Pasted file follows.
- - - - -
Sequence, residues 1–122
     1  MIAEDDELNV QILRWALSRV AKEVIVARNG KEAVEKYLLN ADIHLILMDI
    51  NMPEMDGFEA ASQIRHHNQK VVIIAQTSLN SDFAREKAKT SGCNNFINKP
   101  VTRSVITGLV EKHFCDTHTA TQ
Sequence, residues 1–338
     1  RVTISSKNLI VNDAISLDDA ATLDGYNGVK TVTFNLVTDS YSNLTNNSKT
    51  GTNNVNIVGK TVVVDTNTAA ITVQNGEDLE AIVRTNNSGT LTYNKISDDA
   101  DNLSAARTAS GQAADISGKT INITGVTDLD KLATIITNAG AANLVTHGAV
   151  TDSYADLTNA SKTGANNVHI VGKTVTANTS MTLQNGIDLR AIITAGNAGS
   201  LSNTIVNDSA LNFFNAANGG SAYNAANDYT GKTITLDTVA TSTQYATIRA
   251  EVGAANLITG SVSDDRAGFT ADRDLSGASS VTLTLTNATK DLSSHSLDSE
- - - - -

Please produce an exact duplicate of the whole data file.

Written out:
Sequence, residues 1–122
     1  MIAEDDELNV QILRWALSRV AKEVIVARNG KEAVEKYLLN ADIHLILMDI
    51  NMPEMDGFEA ASQIRHHNQK VVIIAQTSLN SDFAREKAKT SGCNNFINKP
   101  VTRSVITGLV EKHFCDTHTA TQ
Sequence, residues 1–338
     1  RVTISSKNLI VNDAISLDDA ATLDGYNGVK TVTFNLVTDS YSNLTNNSKT
    51  GTNNVNIVGK TVVVDTNTAA ITVQNGEDLE AIVRTNNSGT LTYNKISDDA
   101  DNLSAARTAS GQAADISGKT INITGVTDLD KLATIITNAG AANLVTHGAV
   151  TDSYADLTNA SKTGANNVHI VGKTVTANTS MTLQNGIDLR AIITAGNAGS
   201  LSNTIVNDSA LNFFNAANGG SAYNAANDYT GKTITLDTVA TSTQYATIRA
   251  EVGAANLITG SVSDDRAGFT ADRDLSGASS VTLTLTNATK DLSSHSLDSE